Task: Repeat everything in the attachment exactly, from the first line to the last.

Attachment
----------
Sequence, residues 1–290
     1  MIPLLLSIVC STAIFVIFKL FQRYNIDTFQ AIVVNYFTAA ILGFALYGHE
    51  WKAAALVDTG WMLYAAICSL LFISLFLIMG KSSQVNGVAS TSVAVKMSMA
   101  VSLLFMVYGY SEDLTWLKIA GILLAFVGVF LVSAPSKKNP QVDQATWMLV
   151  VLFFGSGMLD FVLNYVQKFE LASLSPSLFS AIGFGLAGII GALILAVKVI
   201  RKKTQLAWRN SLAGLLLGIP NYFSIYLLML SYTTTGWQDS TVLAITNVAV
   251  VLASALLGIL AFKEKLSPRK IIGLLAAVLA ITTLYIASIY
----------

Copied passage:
Sequence, residues 1–290
     1  MIPLLLSIVC STAIFVIFKL FQRYNIDTFQ AIVVNYFTAA ILGFALYGHE
    51  WKAAALVDTG WMLYAAICSL LFISLFLIMG KSSQVNGVAS TSVAVKMSMA
   101  VSLLFMVYGY SEDLTWLKIA GILLAFVGVF LVSAPSKKNP QVDQATWMLV
   151  VLFFGSGMLD FVLNYVQKFE LASLSPSLFS AIGFGLAGII GALILAVKVI
   201  RKKTQLAWRN SLAGLLLGIP NYFSIYLLML SYTTTGWQDS TVLAITNVAV
   251  VLASALLGIL AFKEKLSPRK IIGLLAAVLA ITTLYIASIY